For most of my life, I’ve done both side-by-side. I started out with several mainstream business or real estate brokerages; CB Richard Ellis, Grubb & Ellis, NAI Capital here in the greater LA area. It was just in deals, but at the same time also did business deals. I found that after a while I got more not only accustomed to and used to doing the business side, but I enjoyed them more. I liked working on the business side. I like working in the financials. I like a lot of the people who were involved. I eventually sold a few gas stations, a few car washes, liquor stores and so on. Eventually, I made that transition from commercial real estate into business brokerage full-time many years ago. I have been doing that for many years now.
I think about your obvious communication skills from being in media prior to getting into commercial real estate in business brokerage and then you look at the business brokerage side of the house. Do you find many business transactions where there’s not a real estate component involved?
Occasionally, but when I was working for my own firm doing digital businesses at IBIS Advisors, there were a lot of deals that were not eCommerce deals, digital deals, online deals, lead generation websites. A lot of those will not have a tangible space. There are some of those components, but a lot of times the lease and the real estate is a big part of the deal. You have to be ready for either.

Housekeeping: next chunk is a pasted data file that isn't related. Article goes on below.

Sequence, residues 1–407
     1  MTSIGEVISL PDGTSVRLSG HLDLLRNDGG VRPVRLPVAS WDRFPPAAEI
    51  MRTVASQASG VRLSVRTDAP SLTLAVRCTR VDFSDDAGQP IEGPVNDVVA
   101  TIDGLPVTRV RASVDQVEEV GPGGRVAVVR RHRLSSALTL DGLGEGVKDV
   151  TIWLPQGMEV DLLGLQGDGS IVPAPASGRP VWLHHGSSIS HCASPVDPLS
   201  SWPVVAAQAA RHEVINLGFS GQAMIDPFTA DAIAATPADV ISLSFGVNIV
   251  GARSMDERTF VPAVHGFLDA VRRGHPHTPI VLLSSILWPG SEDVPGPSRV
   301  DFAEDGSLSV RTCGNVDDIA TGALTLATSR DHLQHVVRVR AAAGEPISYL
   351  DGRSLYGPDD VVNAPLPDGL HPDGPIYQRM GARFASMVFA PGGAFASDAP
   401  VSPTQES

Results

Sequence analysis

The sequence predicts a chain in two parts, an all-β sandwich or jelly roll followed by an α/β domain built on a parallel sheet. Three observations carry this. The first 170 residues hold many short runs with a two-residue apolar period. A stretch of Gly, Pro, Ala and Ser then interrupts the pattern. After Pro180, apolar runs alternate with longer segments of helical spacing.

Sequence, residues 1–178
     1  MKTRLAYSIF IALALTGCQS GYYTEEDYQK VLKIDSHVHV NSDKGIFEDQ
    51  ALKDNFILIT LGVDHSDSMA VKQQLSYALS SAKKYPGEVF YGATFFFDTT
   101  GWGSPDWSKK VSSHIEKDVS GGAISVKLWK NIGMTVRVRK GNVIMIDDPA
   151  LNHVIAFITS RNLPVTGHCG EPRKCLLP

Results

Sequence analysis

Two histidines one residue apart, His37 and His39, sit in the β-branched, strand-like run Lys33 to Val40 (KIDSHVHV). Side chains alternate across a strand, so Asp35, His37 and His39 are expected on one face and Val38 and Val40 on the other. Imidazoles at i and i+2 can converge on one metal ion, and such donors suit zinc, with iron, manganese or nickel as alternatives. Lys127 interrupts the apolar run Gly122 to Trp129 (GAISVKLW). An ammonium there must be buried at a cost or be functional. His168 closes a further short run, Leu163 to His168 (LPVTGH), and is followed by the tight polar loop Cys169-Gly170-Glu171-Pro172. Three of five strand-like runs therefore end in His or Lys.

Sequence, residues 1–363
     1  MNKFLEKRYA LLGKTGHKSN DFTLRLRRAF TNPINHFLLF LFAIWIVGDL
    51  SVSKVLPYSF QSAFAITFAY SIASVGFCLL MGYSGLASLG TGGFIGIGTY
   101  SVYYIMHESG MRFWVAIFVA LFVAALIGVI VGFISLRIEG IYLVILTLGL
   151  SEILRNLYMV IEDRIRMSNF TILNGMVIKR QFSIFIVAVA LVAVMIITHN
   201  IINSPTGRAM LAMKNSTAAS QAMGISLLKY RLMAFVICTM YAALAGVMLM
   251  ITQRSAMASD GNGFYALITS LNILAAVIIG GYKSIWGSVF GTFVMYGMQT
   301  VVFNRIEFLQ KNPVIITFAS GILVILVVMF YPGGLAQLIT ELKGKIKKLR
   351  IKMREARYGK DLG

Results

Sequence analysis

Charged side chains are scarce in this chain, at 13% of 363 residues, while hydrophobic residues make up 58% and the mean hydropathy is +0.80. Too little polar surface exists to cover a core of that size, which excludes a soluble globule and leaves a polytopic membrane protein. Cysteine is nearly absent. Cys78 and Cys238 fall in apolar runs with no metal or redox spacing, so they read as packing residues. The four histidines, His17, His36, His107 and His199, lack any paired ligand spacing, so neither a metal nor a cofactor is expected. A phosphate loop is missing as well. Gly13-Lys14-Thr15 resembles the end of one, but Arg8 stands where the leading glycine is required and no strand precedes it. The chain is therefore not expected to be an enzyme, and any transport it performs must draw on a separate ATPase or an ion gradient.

I think about that as a value-add I’m bringing to the table when you’re talking to a prospective seller of a business. If they’re predominantly real estate heavy in their facility and so on, I would think that would be a valuable add on to the discussion.
Absolutely, particularly on the leasing side. There are so many cases where the landlord becomes an obstacle or the discussions with the seller and the landlord become something that you need a little bit of experience with. That has helped me tremendously. Having come from a leasing background has paid off extremely well. The clients appreciate it. The sellers appreciate the fact that I can get into a discussion with a landlord or with the management group representing the landlord and feel comfortable, get through the language, get through the legal and have a sense of how to best represent the seller. They do appreciate that.
For the business owner that’s in a lease arrangement now with their business and considering selling at some point, let’s say their lease terms are coming up and they’re thinking, “We’re going to exit the business in the next three to five years,” is there a piece of advice about leasing you might offer?
I generally give the advice of not to do anything different based on the perception or the idea that you’re going to sell any time, whatever the timeframe is. A lot of people will come to us with the idea of selling their business at a time anywhere from six months to a year out from having to do a lease renewal. It comes up a lot. It gets them to thinking, “Maybe I don’t want to go another three or five-year term. Maybe this is the time to start thinking about selling the business.” We do get small businesses that are in that category where they’re saying, “Should I or shouldn’t I or whatnot?” We usually have a discussion. We’ll find out if there is a month to month possibility in their tenancy so that when their term comes up, they don’t have to roll to another three years, another two years, and another five years. When you get to retail spaces, sometimes they want another ten years, if it’s restaurant space or something like that.